Gunmen attacked on Tuesday a voter registration center in Afghanistan where they kidnapped five people.
Three of the captives are employees. They also destroyed documents, official said of the incident that took place in the central province of Ghor.
It sparked concerns about security in the lead-up to the war-torn country's long-delayed legislative elections scheduled for October 20.
Armed men stormed the center in Aliyar district as Independent Election Commission staff were registering voters, provincial police spokesman Mohammad Iqbal Nizami told AFP, blaming the Taliban.
The group was not immediately available for comment.
Nizami said the militants abducted three IEC staff and two policemen charged with protecting the registration center.
"They also set all the voter registration materials on fire," Nizami said. "We are investigating and have launched a search operation."
Ghor governor spokesman Abdul Hai Khatibi confirmed the incident and said tribal leaders and elders were in talks with the local Taliban to free the IEC staff and police.
On Wednesday, the Taliban claimed responsibility for a bombing in the southern Kandahar province.
The attack left five people dead, including a police commander, an Afghan official said.
A Kandahar police spokesman said Colonel Janan Mama, commander of the border rapid reaction force, three of his police bodyguards and a civilian were killed in the blast.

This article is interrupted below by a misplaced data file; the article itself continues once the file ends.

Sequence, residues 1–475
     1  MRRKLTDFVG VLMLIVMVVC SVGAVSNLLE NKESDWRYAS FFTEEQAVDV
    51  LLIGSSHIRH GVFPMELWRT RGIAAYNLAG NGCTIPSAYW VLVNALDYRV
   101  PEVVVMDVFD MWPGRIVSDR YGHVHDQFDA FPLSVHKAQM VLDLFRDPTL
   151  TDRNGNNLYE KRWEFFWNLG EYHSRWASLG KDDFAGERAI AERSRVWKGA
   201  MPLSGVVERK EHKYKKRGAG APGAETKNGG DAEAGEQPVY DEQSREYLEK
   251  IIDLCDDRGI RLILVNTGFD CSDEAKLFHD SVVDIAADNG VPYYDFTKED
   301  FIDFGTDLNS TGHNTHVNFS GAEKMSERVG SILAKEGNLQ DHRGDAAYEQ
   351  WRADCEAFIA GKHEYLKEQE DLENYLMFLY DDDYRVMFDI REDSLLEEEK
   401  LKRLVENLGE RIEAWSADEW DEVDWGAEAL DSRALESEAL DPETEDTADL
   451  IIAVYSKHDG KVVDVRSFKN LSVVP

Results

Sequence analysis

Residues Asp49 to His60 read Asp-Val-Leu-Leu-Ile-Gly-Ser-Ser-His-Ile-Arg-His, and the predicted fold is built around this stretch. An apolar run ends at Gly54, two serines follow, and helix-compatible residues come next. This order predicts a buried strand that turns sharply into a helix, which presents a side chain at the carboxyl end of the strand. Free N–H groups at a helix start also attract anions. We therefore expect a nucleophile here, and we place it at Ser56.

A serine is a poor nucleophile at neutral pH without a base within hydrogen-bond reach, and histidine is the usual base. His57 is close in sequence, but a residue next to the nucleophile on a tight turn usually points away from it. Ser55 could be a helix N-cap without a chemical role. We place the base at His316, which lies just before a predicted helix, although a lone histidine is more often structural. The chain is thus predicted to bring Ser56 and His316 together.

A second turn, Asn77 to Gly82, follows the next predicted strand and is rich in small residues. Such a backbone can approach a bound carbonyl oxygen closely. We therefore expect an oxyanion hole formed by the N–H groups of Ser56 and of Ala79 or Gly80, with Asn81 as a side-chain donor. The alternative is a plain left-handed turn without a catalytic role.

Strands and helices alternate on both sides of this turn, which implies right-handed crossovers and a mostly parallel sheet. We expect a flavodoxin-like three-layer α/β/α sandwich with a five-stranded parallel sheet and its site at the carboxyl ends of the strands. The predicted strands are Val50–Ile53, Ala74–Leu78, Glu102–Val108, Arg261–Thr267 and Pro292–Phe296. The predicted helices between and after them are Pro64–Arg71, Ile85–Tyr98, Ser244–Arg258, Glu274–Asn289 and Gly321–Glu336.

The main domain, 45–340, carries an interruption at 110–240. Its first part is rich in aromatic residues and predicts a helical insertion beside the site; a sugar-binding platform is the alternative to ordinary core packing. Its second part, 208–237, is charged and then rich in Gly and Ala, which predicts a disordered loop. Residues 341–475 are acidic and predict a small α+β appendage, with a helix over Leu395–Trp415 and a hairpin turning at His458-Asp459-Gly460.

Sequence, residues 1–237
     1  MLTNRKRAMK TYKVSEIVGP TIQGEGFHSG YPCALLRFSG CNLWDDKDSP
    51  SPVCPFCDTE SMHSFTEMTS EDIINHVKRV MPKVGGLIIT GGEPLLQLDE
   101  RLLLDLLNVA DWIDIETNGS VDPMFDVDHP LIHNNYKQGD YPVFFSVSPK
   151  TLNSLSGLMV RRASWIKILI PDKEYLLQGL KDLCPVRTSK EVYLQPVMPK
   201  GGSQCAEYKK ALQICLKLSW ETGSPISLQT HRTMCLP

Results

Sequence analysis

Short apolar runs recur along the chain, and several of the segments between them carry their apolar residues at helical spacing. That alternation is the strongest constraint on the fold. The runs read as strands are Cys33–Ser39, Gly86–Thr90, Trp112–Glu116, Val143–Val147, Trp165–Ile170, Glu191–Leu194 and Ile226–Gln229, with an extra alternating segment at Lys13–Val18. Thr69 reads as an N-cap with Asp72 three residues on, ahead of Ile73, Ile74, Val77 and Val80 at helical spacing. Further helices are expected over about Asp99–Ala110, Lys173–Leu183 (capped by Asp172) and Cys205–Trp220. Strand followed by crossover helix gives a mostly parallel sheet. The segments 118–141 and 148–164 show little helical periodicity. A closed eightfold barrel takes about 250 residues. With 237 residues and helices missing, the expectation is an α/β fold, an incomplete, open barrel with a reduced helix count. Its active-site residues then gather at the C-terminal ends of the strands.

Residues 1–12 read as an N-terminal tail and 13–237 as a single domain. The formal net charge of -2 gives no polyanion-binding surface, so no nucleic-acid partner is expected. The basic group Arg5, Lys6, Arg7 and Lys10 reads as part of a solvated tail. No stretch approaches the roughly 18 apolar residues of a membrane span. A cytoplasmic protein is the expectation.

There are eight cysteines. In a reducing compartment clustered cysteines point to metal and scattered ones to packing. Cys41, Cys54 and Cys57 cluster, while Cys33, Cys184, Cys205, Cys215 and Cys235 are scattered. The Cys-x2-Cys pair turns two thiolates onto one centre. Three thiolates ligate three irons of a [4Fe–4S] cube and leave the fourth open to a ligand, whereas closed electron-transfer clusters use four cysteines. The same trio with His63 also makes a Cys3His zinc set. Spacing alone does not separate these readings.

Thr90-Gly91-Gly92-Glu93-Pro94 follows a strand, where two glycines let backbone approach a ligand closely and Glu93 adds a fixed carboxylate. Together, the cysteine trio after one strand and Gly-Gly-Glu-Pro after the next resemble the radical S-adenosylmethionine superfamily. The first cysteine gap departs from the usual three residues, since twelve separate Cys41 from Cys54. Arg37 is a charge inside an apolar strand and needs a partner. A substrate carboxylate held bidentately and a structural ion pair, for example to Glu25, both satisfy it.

The spokesman, Zia Durrani, said the sticky bomb was placed on the commander's vehicle in Kandahar city, the provincial capital.
The Taliban claimed responsibility in a statement sent to media. The insurgent group routinely targets Afghan officials and security forces.
Afghanistan last weekend began registering voters as it seeks to ensure that the parliamentary and district council elections -- which are a test-run for the presidential poll next year -- are seen as credible and fraud-free.
In an operation that will last for two months, authorities hope to register up to 14 million adults at more than 7,000 polling centers -- an ambitious goal in a country where militants control or contest much of the territory.
IEC officials have acknowledged that ensuring security at voter registration centers, particularly in rural areas, will be a major challenge.
Afghanistan's beleaguered security forces, already struggling to get the upper hand on the battlefield, have been tasked with protecting voter registration centers, which will be used as polling stations on election day.
More than 50,000 people in major cities have so far registered to vote, an IEC official told AFP on Wednesday.
He acknowledged it had "started slowly" but the process was gaining momentum.
The polls were originally set to be held in 2015 following presidential elections the previous year, but were repeatedly pushed back due to security fears and logistical issues within the fragile unity government.
If held, candidates will contest the 249 seats in the National Assembly for five-year terms. The country will also hold regional elections in tandem in hundreds of districts across Afghanistan -- some of which are outside Kabul's control.